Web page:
Ronald Kessler reporting from Washington, D.C.
— A political ad essentially accusing Mitt Romney of killing a woman who had cancer exposes President Obama as a “pretender” who is quite different from the image he projects, Steven Law, president and CEO of the powerful political action committee American Crossroads, tells Newsmax.
American Crossroads is running its own ad highlighting the contrast between Obama’s promises to end divisiveness in Washington and the fact that Priorities USA Action, an Obama super PAC headed by his former White House deputy press secretary Bill Burton, is running the cancer ad.
|Steven Law is president and CEO of the powerful political action committee American Crossroads.
“This is someone who loves to brag about how special he thinks he is and how his morals are better than everyone else’s, but when the chips are down, as I think we are seeing with this particular scandal, he turns into just another grubby politician who will do anything to protect his job,” Law says.
The Obama attack ad blames Romney for the death of a woman with cancer because she supposedly lost her health insurance coverage when Bain Capital closed her husband’s steel plant.
In fact, Romney had left Bain Capital two years before Bain closed the steel plant following years of losses. Contrary to Joe Soptic’s claim in the ad that his family lost its health insurance coverage after the plant was closed, Soptic obtained another job and was covered by health insurance through the new job. He chose not to pay for coverage for his wife. But his wife had health insurance coverage through her employer. By the time she was diagnosed with cancer, however, she had left her job. She died 22 days after being diagnosed — five years after the plant had closed.
“One of the things that is clear is that the Obama campaign and the White House have many more connections to the Obama super PAC than any of them have let on, and the smoking gun in this matter is the tape of Stephanie Cutter, Obama’s deputy campaign manager, interviewing the star of the Obama super PAC ad, in which it is revealed that she knew precisely all about the story that just a news cycle earlier she had denied knowing anything about,” Law says.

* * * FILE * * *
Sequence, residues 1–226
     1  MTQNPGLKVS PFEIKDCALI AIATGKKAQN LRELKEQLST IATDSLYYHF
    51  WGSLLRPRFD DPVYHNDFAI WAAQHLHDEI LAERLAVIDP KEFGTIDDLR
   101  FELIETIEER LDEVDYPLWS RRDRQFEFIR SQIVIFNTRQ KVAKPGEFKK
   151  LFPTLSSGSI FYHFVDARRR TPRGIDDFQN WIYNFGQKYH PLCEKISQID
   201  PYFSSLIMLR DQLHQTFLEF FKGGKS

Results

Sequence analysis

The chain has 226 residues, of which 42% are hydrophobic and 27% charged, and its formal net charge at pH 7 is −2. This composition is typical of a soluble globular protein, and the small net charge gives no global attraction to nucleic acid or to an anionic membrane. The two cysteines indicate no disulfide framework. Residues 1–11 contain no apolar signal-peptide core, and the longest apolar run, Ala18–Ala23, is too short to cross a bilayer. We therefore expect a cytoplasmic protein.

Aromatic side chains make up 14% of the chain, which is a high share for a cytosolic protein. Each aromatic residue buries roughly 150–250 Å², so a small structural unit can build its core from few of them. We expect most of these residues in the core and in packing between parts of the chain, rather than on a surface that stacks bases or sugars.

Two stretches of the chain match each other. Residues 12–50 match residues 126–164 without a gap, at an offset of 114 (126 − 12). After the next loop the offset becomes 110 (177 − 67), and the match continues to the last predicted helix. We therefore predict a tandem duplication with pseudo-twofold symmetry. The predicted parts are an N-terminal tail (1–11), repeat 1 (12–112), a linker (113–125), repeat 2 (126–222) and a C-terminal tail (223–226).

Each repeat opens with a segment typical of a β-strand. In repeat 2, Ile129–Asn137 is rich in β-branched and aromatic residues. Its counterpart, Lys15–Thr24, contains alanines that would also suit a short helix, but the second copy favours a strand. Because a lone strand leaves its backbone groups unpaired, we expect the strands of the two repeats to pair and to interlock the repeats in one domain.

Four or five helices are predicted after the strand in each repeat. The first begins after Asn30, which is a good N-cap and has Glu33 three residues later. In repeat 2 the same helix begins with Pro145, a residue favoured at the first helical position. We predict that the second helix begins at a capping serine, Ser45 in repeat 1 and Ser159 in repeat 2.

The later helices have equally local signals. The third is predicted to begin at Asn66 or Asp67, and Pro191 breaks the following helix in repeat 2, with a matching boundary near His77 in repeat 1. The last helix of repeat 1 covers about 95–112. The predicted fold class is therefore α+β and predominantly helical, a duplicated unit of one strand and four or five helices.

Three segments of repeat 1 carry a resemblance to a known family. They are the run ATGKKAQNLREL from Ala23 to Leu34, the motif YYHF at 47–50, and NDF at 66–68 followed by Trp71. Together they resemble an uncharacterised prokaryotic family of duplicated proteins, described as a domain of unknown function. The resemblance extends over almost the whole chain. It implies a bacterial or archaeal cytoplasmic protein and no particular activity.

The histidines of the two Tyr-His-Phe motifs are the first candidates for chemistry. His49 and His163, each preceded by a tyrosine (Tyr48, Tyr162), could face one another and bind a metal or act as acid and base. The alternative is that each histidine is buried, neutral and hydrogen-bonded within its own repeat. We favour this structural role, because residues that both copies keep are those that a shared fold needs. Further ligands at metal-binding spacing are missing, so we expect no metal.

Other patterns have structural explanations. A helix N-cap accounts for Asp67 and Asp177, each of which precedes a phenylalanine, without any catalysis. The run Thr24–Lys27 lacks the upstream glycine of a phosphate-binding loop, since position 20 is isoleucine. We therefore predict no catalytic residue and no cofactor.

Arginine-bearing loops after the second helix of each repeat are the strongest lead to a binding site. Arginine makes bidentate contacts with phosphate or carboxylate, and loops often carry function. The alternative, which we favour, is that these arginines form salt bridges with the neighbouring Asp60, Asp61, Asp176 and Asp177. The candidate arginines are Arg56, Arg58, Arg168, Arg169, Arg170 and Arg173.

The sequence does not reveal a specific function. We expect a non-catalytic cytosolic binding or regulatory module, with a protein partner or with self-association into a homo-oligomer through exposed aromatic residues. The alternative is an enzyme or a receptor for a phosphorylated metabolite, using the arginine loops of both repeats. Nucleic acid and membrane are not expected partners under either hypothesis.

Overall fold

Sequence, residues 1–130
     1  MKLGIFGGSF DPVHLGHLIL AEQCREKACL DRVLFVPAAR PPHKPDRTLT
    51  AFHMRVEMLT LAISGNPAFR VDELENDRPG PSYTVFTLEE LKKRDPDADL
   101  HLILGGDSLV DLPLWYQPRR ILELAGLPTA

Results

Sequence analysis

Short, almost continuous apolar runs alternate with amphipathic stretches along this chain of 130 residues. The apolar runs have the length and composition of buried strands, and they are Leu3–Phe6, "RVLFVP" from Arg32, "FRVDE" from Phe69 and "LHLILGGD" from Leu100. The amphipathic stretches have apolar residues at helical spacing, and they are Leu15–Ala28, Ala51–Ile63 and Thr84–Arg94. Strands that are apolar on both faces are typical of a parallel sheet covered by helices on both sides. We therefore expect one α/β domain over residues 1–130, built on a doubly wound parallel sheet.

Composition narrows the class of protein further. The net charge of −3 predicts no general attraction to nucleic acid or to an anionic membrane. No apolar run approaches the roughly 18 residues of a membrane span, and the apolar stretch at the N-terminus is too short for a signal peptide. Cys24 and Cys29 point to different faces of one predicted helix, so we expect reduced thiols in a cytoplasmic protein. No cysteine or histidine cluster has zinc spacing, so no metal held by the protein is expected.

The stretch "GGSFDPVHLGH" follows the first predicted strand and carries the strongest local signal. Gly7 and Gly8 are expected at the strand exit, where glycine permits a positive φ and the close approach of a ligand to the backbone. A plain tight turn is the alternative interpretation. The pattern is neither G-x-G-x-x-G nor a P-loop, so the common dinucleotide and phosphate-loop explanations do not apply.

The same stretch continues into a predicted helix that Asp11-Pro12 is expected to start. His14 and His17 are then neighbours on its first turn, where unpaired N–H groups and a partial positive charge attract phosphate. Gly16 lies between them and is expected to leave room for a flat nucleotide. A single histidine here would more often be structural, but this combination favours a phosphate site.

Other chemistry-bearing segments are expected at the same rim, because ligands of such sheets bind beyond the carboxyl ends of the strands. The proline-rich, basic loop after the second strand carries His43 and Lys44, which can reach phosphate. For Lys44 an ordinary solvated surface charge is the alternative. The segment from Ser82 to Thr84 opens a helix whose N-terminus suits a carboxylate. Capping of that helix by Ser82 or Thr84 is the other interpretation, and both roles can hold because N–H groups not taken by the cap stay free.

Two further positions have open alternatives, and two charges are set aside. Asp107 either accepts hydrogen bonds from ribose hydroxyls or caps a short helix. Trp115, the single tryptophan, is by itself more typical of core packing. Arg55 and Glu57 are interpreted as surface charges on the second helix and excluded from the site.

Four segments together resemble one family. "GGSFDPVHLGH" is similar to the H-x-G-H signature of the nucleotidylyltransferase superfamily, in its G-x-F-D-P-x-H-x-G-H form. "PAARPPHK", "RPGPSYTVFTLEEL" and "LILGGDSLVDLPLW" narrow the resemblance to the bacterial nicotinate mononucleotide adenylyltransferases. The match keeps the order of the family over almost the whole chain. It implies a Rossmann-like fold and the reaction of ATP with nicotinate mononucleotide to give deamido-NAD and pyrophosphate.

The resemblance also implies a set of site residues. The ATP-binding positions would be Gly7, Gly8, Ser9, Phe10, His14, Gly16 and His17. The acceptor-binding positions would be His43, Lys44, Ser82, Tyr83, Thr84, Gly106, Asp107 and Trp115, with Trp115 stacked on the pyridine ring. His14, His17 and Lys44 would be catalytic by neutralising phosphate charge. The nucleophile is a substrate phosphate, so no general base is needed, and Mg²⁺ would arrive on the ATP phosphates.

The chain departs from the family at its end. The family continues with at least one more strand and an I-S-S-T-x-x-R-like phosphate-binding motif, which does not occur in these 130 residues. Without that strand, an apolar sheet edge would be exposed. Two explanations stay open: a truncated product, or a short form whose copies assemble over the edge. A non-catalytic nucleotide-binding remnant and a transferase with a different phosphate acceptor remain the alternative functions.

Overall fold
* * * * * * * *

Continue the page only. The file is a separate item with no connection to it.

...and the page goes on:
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Law says the cancer ad presents an opportunity to reveal who Obama really is because it shows that Obama is “kind of a typical politician, and the way that he and his campaign operate are completely at odds with an image that a lot of Americans still have of him, which is that he’s a decent, straight forward person who rises above the political fray.”
“There are all sorts of links between the White House and the super PAC, and to pretend that the Obama forces have almost no knowledge of this organization, no connection to it whatsoever, just simply doesn’t stand up under the light of day,” Law says.
“Even the people in the mainstream press are calling a foul and saying that this ad simply doesn’t square,” Law says. “They are calling on the president — as we are — to do what he said others should do a few years back, which is to denounce ads that are demonstrably false even if they are helping you by attacking your opponent.”
American Crossroads and its affiliate Crossroads GPS, which focuses on issues, are major players in the campaign. Together, they expect to raise and spend $300 million to defeat President Obama and congressional Democrats.
Advised by political heavyweights like former Bush White House aides Karl Rove and Ed Gillespie, former Mississippi Gov. Haley Barbour, media guru Carl Forti, and former Republican National Committee Chairman Mike Duncan, American Crossroads is not only placing political ads but conducting its own polling and research on how to focus those ads.
Law was previously chief legal officer and general counsel of the U.S. Chamber of Commerce and deputy secretary of the U.S. Department of Labor under President Bush.
For now, American Crossroads is distributing the new ad virally and with an online advertising budget. The Crossroads ad ends with President Nixon’s White House Counsel John Dean warning on a White House recording that there is a “cancer within — close to the presidency,” referring to the Watergate scandal.
Law concedes that Obama’s attack ads have had an impact on Romney’s favorable and unfavorable ratings. But he says, “I happen to think that the impact is fairly superficial, and when Mitt Romney introduces himself at the convention and at the debates and at other settings, I think Americans are going to get a very different perspective of him. These negatives that have attached to him now I think will fall away fairly quickly.”
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The selection of Rep. Paul Ryan as Romney’s running mate has given the campaign a shot in the arm, he says.
“Paul Ryan’s addition to the ticket ensures the American people will get what President Obama can’t deliver: a serious, fact-driven debate about how to make our country strong again,” Law says. “Ryan is the un-Obama: a humble guy who thrives on facts and practical solutions in contrast to Obama’s self-referential platitudes and divisive politics.”
Ronald Kessler is chief Washington correspondent of Newsmax.com. He is the New York Times bestselling author of books on the Secret Service, FBI, and CIA. Read more reports from Ronald Kessler — Click Here Now.
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